3. Pat Coburn says:

    Dustin; During the Vietnam conflict, one tour of duty was standard, and most troops served only one, if that. You had to volunteer to serve multiple tours, unless you had a specialty MOS and were designated critical. Now, our troops are serving 3,4,5 tours and more, back to back. They are fatigued, mentally and physically. Their home lives are a shambles, and the suicide rate is atrocious. Our president’s response? Hey, let them buy their own health care. Oh yeah, and let’s call them ‘terrorists’ when they come home.
    In a race between the Muslim and the Mormon, I choose the patriot, Romney. He is not ashamed of my country, my service, or my God.

  4. victor gillings says:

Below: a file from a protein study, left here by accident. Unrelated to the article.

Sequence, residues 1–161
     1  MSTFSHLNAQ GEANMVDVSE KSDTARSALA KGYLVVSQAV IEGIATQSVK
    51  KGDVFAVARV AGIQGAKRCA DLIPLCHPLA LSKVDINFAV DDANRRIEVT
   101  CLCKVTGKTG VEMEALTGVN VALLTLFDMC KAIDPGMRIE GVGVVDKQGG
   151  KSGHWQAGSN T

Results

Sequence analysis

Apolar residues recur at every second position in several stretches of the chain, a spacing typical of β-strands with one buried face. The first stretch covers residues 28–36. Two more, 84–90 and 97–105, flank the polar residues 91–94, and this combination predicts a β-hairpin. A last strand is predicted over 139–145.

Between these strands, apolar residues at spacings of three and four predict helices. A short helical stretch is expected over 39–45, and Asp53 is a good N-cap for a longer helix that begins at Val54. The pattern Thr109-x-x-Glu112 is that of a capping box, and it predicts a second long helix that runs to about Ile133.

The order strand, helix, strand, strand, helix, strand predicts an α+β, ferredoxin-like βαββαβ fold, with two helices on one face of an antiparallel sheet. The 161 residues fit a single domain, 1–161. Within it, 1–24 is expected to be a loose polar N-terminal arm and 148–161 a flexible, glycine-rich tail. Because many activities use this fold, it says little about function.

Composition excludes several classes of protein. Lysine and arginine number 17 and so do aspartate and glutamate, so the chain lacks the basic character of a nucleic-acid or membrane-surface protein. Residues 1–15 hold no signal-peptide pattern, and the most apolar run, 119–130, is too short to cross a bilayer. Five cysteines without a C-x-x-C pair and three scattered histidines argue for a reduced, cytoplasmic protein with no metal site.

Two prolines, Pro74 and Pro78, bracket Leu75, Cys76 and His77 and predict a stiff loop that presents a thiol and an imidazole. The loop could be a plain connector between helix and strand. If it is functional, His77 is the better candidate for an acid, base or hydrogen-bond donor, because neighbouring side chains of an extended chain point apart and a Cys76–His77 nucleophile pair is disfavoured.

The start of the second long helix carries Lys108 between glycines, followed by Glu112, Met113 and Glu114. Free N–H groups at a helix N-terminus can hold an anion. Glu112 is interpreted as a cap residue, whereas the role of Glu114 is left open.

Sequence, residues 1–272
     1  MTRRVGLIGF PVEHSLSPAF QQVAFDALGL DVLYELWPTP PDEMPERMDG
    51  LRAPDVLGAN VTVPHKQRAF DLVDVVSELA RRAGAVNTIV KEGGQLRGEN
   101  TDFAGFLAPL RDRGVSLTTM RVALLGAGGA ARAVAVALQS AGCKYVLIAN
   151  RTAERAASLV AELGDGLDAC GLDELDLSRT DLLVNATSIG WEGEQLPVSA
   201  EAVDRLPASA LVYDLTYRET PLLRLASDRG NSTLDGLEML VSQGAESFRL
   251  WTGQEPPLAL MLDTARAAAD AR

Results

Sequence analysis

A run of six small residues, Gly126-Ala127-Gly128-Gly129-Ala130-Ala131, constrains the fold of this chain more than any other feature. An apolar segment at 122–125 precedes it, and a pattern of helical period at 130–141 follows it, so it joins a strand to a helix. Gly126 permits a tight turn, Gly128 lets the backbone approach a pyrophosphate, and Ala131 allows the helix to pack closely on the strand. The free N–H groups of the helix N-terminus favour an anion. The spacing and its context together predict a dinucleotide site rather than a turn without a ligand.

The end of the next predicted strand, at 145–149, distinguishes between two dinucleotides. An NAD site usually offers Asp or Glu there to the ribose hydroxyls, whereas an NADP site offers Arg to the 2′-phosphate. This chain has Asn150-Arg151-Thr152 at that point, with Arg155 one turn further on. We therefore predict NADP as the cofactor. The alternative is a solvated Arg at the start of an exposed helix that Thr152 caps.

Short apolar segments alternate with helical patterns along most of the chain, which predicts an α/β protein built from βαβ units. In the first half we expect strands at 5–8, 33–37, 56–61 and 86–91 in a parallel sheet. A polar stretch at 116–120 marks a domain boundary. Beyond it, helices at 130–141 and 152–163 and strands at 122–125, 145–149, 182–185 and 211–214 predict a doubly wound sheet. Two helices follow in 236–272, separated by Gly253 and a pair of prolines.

My father fought in Afghganistan in 1897, as a soldier in the Kings Royal Rifle Corps, at one time known as the Royal American Regiment. From the time I was big enough to sit on his knee, until I joined the army at the age of 17 years, here is what my dad taught me ” you cannot win in Afghanistan because our leaders make us fight through the mountains then install a base camp,which is immediately surrounded by the enemy. Also our supply lines cannot get through because there is only one supply line – covered by the enemy. ” Forward to 2012, we install base camps and have to bring in men and supplies. We only have one supply line which is covered by the enemy and heavily mined by explosives – causing the most appalling injuries to our troops. What have our half-brained polititians and military leaders learned from the time I sat on dads knee?